Pension trustees urged to examine all the beneficiary evidence

Pension trustees have been urged to study in detail the evidence about beneficiaries when making a decision on the distribution of a death benefit.

A recent ombudsman decision in the case of Mrs P v Centrica Pension Scheme (the scheme) resulted in a finding of maladministration against the trustee for failing to address conflicting evidence about potential beneficiaries.

Pension scheme member Mr P married Mrs P, the claimant, in 1971 and they lived together for 31 years and had two daughters. In May 1986, Mr P filled in an expression of wishes form naming his wife as beneficiary of all the benefits payable in the event of his death.

Although Mrs P moved out of their marital home in March 2002, she claimed that Mr P still supported her and that they still had a joint bank account before his death on 18 May 2002.

On Mr P’s death, the trustee gathered information via questionnaires from Mrs P, her two daughters and Mr P’s sister.

The information was collated and reported to the trustee by the secretary to the trustee. The secretary made a recommendation that the lump-sum benefit was paid to the two daughters in equal proportions and this was accepted by the trustee. Mrs P claimed that the trustee’s decision, which resulted in her being cut out of any entitlement, was perverse.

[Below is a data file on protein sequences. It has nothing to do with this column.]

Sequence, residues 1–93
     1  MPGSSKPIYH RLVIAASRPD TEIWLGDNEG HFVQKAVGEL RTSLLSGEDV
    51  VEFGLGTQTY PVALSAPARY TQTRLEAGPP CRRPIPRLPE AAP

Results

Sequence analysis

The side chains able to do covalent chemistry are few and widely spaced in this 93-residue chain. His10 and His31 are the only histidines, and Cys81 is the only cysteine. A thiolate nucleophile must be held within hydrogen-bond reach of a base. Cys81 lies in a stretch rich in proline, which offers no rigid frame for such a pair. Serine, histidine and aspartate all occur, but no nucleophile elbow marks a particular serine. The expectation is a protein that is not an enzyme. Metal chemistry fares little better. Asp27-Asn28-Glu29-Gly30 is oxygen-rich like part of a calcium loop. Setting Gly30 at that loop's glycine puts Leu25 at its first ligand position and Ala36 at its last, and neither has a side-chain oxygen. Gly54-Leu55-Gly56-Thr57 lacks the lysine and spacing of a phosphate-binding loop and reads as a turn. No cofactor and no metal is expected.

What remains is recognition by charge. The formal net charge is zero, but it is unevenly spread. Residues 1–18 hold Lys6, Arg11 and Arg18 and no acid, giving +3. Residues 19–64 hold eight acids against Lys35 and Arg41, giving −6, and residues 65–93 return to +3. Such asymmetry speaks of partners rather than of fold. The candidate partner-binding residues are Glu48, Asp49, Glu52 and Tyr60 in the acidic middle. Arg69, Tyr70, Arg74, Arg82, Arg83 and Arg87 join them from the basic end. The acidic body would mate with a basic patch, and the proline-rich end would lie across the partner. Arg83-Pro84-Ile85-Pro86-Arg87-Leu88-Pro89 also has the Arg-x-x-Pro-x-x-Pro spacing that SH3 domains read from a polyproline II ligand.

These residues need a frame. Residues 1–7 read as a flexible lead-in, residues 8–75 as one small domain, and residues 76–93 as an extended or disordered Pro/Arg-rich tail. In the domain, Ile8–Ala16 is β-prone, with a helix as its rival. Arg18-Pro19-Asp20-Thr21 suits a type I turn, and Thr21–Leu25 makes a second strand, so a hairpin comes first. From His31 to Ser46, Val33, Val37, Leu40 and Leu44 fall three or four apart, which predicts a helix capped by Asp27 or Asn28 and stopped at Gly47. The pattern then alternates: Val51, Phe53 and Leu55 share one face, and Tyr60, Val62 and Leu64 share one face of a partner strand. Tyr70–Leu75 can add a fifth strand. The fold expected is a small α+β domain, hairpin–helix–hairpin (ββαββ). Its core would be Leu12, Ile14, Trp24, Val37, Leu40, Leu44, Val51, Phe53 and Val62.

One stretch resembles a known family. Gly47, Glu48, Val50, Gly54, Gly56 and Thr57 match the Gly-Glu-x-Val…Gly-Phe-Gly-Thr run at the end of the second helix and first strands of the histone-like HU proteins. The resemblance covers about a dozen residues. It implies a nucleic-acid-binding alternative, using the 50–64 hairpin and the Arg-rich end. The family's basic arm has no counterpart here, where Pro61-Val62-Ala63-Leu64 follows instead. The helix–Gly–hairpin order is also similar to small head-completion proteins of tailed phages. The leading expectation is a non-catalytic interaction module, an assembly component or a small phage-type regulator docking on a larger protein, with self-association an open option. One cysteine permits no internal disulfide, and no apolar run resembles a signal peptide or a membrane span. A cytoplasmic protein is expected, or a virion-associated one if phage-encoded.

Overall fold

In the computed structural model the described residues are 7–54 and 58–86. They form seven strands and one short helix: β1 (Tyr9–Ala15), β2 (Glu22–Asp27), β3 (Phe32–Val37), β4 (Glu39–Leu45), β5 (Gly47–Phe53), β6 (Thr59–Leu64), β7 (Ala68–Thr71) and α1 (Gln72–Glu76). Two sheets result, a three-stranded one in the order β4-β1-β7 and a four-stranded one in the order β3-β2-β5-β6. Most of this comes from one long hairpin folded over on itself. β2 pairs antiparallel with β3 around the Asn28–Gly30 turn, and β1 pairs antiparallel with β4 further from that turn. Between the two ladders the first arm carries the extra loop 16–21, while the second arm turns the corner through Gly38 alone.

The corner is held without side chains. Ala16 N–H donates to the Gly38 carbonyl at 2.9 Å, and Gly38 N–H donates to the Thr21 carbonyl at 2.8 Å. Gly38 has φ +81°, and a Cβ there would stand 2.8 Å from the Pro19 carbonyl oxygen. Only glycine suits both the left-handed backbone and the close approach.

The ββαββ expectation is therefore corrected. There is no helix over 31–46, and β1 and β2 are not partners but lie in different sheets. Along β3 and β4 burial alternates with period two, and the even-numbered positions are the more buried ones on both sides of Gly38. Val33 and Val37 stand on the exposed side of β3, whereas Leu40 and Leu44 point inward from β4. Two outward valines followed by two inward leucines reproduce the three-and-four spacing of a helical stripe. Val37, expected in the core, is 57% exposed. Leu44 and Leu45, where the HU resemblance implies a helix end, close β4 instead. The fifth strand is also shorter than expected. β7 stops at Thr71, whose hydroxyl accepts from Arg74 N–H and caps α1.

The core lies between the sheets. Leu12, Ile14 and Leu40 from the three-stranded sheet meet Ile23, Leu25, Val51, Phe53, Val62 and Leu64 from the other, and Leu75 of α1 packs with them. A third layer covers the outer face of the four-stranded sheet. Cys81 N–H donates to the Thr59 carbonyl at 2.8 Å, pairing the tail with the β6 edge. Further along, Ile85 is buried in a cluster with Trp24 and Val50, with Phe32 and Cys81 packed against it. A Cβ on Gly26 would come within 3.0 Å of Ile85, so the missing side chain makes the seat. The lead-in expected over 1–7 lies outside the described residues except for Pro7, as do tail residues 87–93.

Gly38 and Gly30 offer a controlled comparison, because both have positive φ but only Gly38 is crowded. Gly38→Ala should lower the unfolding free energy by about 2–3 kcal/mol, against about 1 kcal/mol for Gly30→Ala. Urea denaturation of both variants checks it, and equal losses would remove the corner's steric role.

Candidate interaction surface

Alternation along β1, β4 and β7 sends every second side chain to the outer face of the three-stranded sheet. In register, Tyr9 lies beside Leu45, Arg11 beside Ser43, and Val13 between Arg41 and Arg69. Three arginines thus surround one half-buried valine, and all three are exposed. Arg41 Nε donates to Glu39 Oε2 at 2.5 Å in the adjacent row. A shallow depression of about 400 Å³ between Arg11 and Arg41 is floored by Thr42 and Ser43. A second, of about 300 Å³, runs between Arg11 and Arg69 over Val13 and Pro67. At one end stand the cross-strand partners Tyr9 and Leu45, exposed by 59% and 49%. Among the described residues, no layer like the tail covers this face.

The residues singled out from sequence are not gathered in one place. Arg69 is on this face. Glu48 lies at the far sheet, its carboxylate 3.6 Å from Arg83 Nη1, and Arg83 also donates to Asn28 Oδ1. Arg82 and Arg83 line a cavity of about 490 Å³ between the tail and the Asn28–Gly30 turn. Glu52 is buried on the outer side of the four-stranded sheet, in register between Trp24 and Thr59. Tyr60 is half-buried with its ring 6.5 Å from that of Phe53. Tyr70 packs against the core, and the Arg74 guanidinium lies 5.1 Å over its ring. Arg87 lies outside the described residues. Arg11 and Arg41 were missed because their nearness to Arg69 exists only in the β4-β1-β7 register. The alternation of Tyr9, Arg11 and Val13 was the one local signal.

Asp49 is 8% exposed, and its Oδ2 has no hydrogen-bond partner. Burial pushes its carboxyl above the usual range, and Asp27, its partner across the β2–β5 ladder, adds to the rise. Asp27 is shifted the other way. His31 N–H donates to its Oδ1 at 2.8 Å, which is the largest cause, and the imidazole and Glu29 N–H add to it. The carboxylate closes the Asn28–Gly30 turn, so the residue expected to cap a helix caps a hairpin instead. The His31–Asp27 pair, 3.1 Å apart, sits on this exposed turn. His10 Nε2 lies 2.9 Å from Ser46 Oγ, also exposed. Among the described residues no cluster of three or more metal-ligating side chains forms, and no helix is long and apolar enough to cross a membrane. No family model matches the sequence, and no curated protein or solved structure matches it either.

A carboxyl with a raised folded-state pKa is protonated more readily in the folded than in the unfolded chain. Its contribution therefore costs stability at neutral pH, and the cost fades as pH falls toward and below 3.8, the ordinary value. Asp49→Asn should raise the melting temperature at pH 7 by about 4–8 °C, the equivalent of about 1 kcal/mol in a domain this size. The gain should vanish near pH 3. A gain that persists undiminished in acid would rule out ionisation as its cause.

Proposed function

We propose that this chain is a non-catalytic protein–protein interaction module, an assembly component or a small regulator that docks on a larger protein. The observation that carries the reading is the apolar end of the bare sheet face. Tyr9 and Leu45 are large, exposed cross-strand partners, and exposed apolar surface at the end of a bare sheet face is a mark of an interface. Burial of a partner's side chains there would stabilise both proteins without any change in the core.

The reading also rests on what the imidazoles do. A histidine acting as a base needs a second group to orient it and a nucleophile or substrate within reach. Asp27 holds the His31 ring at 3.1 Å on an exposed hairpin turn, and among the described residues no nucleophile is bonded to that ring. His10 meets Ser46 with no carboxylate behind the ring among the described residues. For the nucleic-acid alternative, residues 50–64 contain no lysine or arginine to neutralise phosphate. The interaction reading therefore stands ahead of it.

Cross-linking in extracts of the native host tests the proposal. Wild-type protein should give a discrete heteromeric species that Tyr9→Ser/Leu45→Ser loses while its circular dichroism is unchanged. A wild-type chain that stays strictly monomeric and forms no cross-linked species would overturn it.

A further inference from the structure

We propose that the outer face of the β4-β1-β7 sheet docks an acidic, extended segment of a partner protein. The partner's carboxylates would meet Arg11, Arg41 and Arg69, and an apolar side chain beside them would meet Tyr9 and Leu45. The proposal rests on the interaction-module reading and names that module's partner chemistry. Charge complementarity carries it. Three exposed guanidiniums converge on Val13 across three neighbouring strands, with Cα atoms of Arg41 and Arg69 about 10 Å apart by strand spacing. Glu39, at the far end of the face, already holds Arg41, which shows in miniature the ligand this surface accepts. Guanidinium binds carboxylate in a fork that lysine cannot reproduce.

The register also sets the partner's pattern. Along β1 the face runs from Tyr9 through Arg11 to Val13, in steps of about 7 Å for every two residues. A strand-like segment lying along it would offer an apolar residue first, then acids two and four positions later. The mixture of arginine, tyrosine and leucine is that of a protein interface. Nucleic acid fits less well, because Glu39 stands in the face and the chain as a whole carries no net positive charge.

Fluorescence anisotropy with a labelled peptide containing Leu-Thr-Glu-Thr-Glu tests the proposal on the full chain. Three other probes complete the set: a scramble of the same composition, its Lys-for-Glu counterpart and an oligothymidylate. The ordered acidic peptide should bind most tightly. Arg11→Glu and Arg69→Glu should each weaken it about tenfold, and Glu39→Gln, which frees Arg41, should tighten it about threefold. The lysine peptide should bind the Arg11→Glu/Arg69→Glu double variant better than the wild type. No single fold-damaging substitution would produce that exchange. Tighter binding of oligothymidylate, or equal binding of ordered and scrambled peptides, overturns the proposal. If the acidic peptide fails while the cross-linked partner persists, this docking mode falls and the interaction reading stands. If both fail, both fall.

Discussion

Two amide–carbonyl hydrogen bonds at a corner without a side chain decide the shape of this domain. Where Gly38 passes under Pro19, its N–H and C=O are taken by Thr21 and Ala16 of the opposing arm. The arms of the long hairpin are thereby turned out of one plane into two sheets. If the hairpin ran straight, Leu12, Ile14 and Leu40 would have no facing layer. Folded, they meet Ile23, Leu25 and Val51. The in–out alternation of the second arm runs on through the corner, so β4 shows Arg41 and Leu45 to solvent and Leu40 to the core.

The Deputy Pensions Ombudsman (DPO) agreed that the trustee failed to properly attempt to resolve inconsistencies shown in the evidence obtained, for example, factual inconsistencies around the degree of separation between Mr and Mrs P.

The DPO decided that the trustee should reconsider the distribution of the death benefits and Mrs P was awarded the sum of £250 for her distress and inconvenience.

Arshad Khan, associate solicitor at Sacker & Partners, said the case shows an over-reliance on a summary of information presented to trustees.

“If the [trustees] want to avoid their decisions being challenged in the first place they should try and assess whether there are any conflicting or inconsistent bits of information being supplied at the initial stage.”